Suma is an open-source mobile web-based assessment toolkit for collecting and analyzing observational data about the usage of physical spaces and services. Suma’s goals include streamlining existing data collection, enabling fast, hassle-free mobile data collection, providing sophisticated data analysis and visualization capabilities for non-technical users, and promoting observational data analysis as an integral part of service and space design and day-to-day planning. Conceptually, Suma attempts to apply the longstanding user research benefits of web analytics to physical spaces and services.
Suma has proven to be far more efficient for staff than previous methods for data collection. The Suma team has found that a standardized data structure is invaluable to our ability to build analysis tools for non-technical users that can be used across the board for a wide variety of data collection initiatives. Suma is also used extensively to assess the usage of our large, new James B. Hunt, Jr. library in order to conduct a post-occupancy assessment of new services and spaces, with a particular emphasis on newer service models such as roaming reference. Suma is used by several dozen staff at our organization, and there are at over a dozen other implementations at other large academic libraries.
Examples of the current uses for this toolkit include the collection and analysis of data relating to:
- Building headcounts
- Service desk transactions
- Roaming reference services
- Experimental technology usage
- Media production activities
- Experimental space usage
Source Code Repository
The Suma source code is hosted on GitHub. You can find it at https://github.com/cazzerson/Suma.
- Jason Casden, Digital Library Initiatives
- Joyce Chapman, State Library of North Carolina
- Bret Davidson, Digital Library Initiatives
- Rob Rucker, Research and Information Services
- Eric McEachern, Digital Library Initiatives
- Rusty Earl, Digital Library Initiatives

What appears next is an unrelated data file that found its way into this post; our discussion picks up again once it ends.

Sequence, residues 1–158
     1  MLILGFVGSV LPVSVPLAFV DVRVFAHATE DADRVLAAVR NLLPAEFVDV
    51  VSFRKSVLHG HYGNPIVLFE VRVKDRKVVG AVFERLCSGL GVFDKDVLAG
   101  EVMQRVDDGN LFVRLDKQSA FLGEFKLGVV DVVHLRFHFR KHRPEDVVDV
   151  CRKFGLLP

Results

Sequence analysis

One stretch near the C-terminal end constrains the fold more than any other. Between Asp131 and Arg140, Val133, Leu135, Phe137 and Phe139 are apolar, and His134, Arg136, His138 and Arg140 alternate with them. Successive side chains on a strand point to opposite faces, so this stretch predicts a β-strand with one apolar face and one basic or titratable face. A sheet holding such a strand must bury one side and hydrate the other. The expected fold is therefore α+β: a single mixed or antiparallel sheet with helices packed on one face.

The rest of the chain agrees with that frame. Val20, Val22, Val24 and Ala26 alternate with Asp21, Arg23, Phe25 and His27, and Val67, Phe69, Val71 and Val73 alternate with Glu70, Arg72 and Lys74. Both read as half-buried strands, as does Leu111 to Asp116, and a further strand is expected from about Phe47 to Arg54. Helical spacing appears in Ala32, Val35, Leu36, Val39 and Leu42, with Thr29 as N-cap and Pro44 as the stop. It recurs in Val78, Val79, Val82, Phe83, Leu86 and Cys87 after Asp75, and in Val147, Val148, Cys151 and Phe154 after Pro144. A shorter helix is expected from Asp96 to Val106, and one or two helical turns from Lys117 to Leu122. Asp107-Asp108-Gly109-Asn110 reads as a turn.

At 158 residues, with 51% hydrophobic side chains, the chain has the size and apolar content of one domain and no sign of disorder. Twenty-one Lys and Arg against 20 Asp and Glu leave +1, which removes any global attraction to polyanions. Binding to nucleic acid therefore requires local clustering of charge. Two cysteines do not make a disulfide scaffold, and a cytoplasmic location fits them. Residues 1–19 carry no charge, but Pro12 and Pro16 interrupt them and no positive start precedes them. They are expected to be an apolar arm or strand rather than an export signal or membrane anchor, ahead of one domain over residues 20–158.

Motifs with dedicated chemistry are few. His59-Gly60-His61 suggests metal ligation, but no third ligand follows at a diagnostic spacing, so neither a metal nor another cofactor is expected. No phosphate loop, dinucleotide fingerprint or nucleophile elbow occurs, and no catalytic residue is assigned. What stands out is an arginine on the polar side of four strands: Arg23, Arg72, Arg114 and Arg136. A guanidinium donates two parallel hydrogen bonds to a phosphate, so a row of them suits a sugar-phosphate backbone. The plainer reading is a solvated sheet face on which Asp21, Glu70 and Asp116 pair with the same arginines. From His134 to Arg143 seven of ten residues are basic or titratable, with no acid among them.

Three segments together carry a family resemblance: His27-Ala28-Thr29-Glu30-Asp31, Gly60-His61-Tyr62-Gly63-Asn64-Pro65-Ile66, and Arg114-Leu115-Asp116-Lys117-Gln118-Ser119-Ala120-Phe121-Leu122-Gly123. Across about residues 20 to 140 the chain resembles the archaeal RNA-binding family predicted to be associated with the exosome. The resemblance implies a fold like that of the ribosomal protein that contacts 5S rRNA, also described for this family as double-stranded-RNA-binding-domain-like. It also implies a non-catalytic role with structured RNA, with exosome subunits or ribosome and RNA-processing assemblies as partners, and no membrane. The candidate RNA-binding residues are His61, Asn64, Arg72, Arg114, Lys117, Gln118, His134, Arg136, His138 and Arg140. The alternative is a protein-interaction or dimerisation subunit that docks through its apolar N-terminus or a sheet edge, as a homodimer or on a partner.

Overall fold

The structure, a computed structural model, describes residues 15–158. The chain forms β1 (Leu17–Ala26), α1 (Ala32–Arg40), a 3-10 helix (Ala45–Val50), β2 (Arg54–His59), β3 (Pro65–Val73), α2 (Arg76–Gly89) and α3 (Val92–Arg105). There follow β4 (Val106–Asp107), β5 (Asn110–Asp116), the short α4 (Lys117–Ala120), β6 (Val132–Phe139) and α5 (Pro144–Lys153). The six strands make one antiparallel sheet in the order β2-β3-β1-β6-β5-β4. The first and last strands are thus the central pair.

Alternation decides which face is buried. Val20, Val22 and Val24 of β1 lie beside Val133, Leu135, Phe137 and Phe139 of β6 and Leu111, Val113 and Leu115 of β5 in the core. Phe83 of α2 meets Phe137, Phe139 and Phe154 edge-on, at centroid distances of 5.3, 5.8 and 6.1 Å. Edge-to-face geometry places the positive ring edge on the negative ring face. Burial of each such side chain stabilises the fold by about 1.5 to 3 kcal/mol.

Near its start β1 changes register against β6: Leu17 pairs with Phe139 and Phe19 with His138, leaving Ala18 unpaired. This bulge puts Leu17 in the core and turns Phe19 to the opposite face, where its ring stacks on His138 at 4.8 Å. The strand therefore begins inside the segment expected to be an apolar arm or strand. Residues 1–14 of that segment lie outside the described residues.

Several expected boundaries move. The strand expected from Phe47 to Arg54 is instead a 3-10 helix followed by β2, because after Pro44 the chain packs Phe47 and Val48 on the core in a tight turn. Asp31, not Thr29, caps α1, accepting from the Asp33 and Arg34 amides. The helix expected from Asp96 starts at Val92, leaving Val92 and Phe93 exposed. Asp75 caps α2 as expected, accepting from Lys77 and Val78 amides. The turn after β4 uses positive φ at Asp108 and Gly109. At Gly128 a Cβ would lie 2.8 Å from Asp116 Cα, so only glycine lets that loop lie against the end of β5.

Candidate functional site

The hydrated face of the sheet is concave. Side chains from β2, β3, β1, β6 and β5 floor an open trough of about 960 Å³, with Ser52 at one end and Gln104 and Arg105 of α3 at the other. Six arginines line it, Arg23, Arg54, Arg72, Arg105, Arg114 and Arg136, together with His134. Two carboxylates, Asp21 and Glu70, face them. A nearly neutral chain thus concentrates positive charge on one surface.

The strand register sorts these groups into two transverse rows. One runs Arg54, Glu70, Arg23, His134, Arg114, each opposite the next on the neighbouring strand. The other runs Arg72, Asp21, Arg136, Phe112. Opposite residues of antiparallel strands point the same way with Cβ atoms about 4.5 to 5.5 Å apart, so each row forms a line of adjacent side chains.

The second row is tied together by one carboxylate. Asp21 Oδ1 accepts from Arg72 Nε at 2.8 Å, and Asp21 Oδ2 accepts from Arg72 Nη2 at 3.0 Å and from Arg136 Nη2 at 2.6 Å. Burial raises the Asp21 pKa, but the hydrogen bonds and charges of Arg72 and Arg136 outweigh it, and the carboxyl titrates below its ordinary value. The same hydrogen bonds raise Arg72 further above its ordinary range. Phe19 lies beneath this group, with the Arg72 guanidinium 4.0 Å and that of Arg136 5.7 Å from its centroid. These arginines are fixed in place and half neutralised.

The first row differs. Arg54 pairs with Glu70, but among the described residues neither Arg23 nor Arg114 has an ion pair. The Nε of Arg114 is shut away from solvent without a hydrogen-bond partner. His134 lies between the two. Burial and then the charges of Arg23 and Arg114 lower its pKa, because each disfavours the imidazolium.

The Suma application stack comprises three major components: data collection tools, a data management server, and a data reporting and analysis framework. The mobile data collection application -- as well as the data management server -- have been shown to be highly stable and the reporting and analysis framework includes a rapidly expanding set of sophisticated and highly interactive reporting and visualization tools. These include an interactive dashboard (utilizing D3.js) that presents multiple dimensions of the data using zoomable time series charts, activity and location bar charts, data tables, as well as image and CSV (Excel) exports. Comparative and experimental charts are currently under development, including a calendar heat map and charts for comparing data across multiple collection initiatives. The Suma server provides a powerful API that enables the development of a huge range of custom data analysis tools.
Reports and Presentations
Caya, P., & Nielsen, J. (2013). ""Suma" (North Carolina State University Libraries)". In Enterprise mobile showcase: Mobile approaches to enterprise content (pp. 139-164). Fremont, CA: Nielsen Norman Group. Retrieved from http://www.nngroup.com/reports/enterprise-mobile-showcase/
Casden, J. and Davidson, B. (2013). "The Suma Project: Integrating Observational Data Assessment into Space and Service Design", ACRL 2013 Cyber Zed Shed track, Indianapolis, IN, April 11, 2013.
Chapman, J., Casden, J., & Duckett, K. (2012). "The Suma project: an open-source, mobile tool enabling observational data collection and analysis", Library Assessment Conference 2012, Charlottesville, VA, October 29, 2012.
Chapman, J. (2011). "Introducing Suma: an Open Source iPad Application for Analyzing Library Reference Services", American Library Association 2011 Annual Conference. RUSA MARS Hot Topics in Electronic Reference Panel, "How are we measuring up? Using new technologies to schedule, standardize, and assess reference services", New Orleans, LA, June 25, 2011.
Chapman, J. (2011). "Introducing Suma: an Open Source Tablet Tool for Library Assessment", American Library Association 2011 Annual Conference. ACRL Library Assessment Forum, "Demonstrating the Value of the Library: Assessment Tools and Techniques", New Orleans, LA, June 24, 2011.
Casden, J. (2011). "Mobile Sensors: Building an Open Source Staff-Facing Tablet App for Library Assessment", NISO Forum: Mobile Technologies in Libraries, Philadelphia, PA, May 20, 2011.
Casden, J. and Chapman, J. (2011). "Building a staff-facing tablet application for library assessment", Code4Lib 2011, Bloomington, IN, February 10, 2011. Video of presentation (from 26:25-44:30).
Last updated: October 4, 2013